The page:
[Abra suffers from psychological unbelievability]…. Barfoot's heroine is a woman who leaves husband and family to go live on her own in a bush farm. On the first page, Abra can hardly remember her own name. By chapter three, with the arrival of Katie, her daughter, she is remembering detail after detail of her own departure and arrival. As current as the subject matter is, I never really could let myself match the novel to the real world after that initial disruption of belief. The novel is almost totally linear, with careful attention to the journalistic surface, while, supposedly, Abra is hooking up with the deeper powers of nature, contentment and wisdom. This process of change is not matched by any elements of the form whatsoever, so that although the novel is cast in the first person, it still reads as though Abra is being discussed and described, remembered and measured, rather than experienced. (p. 4)
Dave Godfrey, "Fairest of the Fair" by Sheila Fischman, Dave Godfrey, Douglas Hill, and Dave Simpson, in Books in Canada, Vol. 8, No. 4, April, 1979, pp. 3-4.∗
(The entire section is 180 words.)
I'm excited by how good Abra is. Thinking it to be yet another version of the woman-flees-to-the-woods-in-search-of-identity business, I wasn't prepared to be impressed. But Abra is tough, complex, and convincing in the emotional truth it delivers.
It's a slow-moving book, dangerously so; it tells an unspectacular story deliberately, with pauses for reflection, analysis, and revision. The narrator is in the process of coming alive, not so much from neurotic depression as from numbness. Releasing her memories is slow work; the book tingles with perceptions as the blood flows in. Abra's voice is remarkable—muted, inward, perfectly natural, responding slowly to the rhythms of the seasons and the surroundings. It's the voice of a woman who has never talked to herself.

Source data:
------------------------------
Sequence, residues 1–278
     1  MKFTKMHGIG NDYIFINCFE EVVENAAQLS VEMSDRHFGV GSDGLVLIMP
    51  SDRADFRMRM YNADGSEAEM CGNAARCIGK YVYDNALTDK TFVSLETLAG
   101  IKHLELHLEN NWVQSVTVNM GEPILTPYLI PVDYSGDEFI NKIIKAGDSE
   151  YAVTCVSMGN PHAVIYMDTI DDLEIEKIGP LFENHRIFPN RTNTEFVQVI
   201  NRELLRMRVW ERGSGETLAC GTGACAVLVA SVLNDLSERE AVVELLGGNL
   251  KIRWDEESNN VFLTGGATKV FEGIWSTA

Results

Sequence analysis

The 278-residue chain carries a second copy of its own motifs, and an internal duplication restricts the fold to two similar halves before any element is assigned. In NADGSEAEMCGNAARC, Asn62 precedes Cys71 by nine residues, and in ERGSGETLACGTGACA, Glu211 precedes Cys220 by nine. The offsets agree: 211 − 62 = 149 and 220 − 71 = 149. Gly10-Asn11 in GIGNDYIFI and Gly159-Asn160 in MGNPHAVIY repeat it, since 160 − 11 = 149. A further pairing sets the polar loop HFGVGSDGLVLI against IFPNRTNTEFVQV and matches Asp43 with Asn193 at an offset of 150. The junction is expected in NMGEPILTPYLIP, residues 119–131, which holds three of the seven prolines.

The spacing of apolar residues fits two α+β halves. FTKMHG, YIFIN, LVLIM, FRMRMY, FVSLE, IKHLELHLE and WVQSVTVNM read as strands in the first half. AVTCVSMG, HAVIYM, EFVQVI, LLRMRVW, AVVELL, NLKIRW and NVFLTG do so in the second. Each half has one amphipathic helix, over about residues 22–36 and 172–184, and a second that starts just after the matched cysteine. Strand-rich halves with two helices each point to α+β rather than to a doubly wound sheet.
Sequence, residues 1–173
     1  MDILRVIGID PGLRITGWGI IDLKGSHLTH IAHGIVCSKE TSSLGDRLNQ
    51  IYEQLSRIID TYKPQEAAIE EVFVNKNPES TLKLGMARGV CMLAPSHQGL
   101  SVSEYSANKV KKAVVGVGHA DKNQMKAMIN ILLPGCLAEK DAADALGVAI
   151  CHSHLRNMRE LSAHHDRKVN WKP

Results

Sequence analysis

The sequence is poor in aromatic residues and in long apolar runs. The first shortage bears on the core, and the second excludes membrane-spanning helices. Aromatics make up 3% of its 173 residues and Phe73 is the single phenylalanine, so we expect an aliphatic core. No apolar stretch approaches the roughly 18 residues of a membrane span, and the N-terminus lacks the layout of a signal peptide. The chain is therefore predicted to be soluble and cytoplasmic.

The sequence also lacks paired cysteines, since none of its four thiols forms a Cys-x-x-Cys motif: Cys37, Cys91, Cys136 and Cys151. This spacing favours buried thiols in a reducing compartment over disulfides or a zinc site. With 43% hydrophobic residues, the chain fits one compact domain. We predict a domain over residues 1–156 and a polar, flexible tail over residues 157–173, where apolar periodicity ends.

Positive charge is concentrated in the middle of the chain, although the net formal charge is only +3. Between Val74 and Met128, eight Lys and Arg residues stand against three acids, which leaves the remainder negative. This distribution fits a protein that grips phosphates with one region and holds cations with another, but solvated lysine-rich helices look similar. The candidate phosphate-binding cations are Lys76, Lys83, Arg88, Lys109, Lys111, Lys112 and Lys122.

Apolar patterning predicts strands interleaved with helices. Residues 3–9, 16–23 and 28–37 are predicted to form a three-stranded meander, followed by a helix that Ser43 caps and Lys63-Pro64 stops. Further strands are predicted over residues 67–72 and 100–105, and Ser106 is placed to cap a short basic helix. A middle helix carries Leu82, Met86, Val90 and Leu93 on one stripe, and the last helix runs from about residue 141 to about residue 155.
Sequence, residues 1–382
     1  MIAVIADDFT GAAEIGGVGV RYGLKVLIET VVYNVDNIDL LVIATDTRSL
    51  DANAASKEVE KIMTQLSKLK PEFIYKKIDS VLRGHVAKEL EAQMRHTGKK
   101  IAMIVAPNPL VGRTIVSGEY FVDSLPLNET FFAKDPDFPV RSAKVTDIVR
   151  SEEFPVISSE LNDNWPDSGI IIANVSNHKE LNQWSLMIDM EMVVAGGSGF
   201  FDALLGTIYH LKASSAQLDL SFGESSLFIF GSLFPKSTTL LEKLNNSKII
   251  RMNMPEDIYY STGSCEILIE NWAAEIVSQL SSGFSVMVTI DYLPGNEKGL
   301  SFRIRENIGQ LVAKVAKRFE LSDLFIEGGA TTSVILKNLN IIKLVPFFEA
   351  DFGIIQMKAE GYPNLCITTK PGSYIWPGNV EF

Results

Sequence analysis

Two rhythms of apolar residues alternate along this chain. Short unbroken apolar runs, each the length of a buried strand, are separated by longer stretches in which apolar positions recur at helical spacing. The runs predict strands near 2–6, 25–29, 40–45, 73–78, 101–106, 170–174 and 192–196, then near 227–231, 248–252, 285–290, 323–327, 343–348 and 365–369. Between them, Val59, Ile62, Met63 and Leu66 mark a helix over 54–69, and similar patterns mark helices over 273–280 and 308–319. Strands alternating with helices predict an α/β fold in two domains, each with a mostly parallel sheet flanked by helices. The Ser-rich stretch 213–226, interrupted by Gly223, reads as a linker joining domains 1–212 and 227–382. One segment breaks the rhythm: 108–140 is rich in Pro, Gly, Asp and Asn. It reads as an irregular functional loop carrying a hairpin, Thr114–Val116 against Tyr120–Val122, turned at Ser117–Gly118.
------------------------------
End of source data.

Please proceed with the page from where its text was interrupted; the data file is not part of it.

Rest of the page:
Abra is about the relation of guilt, faith, and joy, about doing and being. It has none of the self-conscious stylistic or structural excesses of [other first novels]…. Abra merely tries to prepare some hard questions carefully, and suggest necessarily partial answers truthfully, without flinching. (p. 4)
Douglas Hill, "Fairest of the Fair" by Sheila Fischman, Dave Godfrey, Douglas Hill, and Dave Simpson, in Books in Canada, Vol. 8, No. 4, April, 1979, pp. 3-4.∗
(The entire section is 192 words.)
A woman who abandons husband, children, and a middle-class lifestyle to do her own thing is the protagonist of Joan Barfoot's Abra … and her serious treatment of a not-unfamiliar contemporary situation earned my respect if not my affection. The subject is one that obviously engages the author's thought and experience in the deepest possible way, but putting it in the form of a novel has not worked well: the dialogue and interior monologue are stiff and unconvincing; and the action proceeds through a series of stereotyped scenes that seem to have been imposed rather than organically nurtured. In the absence of literary graces one concentrates on the theme of woman's liberation, and finds a number of intelligent reflections that might have made a superior non-fiction book; but as a novel it's a disappointing example of how a strong thesis doesn't necessarily make for powerful fiction.
Paul Stuewe, "On the Racks: 'Abra'," in Books in Canada, Vol. 9, No. 1, January, 1980, p. 20.
(The entire section is 159 words.)
[Abra] is a didactic novel, and deals more successfully with ideas than people. Even the name Abra is significant, suggesting as it does Abracadabra, an ancient cabbalistic configuration of letters that was supposed to cure fevers. (p. 102)